Glioblastoma multiforme (GBM) is one of the most devastating malignancies in children and adults. Despite aggressive treatment with surgery, radiation, and chemotherapy, the prognosis of patients with this disease has not improved substantially in the last two decades. Therefore, we have studied new approaches to treatment of GBM by investigating the calcium-calmodulin pathway of signal transduction that is used to transmit growth factor receptor activation to the nucleus for cell division and survival. We discovered that calmodulin-dependent kinase III, also termed elongation factor 2 kinase, was markedly overexpressed in GBM. We also found that this enzyme appeared to be mitogen activated. Furthermore, inhibitors of calmodulin signaling were potent cytotoxic agents against GBM cell lines. We recently cloned and sequenced elongation factor-2 kinase and described its unique characteristics. With little homology to any of the conventional protein kinases previously described, we established this kinase as a representative of a new superfamily of mitogen-activated protein kinases. In this proposal, we describe studies designed to validate the enzyme as a target for drug discovery for GBM, describe new and potentially promising inhibitors that target the unique features of the enzyme, and propose to move the most active agents through biochemical and cellular biology testing, through several increasingly rigorous animal models. Therefore, the overall goal of this proposal is to identify new drugs for the treatment of GBM.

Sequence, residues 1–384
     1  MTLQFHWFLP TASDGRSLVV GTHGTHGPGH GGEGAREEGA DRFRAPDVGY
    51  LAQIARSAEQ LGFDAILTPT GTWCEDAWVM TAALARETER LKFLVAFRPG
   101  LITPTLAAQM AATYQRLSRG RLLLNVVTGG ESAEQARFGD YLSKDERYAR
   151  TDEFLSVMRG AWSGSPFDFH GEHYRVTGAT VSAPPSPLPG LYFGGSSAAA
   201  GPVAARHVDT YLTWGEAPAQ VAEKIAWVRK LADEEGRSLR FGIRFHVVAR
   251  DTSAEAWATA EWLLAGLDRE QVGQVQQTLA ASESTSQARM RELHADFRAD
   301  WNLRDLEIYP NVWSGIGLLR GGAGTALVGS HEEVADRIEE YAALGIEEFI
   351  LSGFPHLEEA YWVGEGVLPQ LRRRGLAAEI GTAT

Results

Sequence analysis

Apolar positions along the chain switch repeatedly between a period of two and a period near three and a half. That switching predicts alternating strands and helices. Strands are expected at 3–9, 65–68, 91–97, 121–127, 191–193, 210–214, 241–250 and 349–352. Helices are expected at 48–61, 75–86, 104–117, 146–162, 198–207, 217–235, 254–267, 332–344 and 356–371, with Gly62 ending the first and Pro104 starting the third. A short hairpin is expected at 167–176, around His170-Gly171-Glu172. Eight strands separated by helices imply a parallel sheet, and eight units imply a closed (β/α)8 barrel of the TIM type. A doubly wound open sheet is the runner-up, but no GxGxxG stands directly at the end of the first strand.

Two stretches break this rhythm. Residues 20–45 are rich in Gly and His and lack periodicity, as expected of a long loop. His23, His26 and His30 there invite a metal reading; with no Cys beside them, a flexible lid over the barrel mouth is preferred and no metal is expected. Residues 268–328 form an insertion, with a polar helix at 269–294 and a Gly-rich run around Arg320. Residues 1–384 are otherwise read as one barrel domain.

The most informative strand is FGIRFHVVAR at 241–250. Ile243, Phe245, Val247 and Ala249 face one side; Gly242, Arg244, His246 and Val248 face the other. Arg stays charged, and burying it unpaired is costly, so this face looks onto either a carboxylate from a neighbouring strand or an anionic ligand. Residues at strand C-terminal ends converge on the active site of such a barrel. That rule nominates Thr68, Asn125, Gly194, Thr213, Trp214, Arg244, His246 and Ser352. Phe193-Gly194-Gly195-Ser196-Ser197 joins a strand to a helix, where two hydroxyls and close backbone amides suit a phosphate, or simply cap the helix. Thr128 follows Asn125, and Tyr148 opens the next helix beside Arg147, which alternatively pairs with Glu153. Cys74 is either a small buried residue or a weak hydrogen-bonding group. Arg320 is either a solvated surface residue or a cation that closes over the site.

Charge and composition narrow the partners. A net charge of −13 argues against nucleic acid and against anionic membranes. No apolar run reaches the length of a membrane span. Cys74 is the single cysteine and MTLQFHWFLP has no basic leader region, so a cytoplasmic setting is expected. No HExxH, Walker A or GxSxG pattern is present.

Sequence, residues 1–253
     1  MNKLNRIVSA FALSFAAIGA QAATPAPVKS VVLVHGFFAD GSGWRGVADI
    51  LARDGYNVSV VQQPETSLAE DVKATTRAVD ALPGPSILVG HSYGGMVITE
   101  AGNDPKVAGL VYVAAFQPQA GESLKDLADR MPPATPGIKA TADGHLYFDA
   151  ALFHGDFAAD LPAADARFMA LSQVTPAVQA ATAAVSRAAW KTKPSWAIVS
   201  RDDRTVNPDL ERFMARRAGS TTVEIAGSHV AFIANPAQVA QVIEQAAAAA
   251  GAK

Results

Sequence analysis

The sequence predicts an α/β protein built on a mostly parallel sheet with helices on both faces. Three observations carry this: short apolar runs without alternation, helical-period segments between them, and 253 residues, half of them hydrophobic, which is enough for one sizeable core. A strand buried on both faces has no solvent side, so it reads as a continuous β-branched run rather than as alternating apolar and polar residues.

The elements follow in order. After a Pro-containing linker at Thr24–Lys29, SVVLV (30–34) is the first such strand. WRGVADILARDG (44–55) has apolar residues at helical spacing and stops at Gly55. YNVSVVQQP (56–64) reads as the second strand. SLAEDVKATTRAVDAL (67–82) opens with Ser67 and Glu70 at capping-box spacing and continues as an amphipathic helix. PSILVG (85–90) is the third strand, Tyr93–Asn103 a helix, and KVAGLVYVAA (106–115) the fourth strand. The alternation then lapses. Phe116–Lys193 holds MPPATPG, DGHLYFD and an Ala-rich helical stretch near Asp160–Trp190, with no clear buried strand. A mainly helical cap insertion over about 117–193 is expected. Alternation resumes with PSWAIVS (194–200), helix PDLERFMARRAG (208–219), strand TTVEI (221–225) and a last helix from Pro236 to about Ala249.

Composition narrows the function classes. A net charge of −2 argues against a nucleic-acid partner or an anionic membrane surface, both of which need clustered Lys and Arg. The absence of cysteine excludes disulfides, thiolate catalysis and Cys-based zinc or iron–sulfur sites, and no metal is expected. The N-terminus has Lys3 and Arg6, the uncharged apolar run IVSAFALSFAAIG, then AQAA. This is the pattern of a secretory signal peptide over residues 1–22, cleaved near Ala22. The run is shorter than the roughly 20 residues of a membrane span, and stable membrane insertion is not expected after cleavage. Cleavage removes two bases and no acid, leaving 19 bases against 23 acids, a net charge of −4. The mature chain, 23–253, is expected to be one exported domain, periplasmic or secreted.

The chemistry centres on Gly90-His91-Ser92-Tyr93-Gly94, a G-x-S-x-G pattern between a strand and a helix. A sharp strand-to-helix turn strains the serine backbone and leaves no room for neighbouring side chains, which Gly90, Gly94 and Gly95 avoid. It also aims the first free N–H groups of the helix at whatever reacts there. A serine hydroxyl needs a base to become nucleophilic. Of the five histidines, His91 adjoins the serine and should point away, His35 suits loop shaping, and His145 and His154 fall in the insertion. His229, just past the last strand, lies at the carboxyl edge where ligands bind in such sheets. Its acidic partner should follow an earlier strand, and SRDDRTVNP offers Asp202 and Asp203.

National Institute of Health (NIH)
National Cancer Institute (NCI)
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Experimental Therapeutics Subcommittee 1 (ET)
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Forry, Suzanne L
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University of Medicine & Dentistry of NJ
Internal Medicine/Medicine
Schools of Medicine
United States
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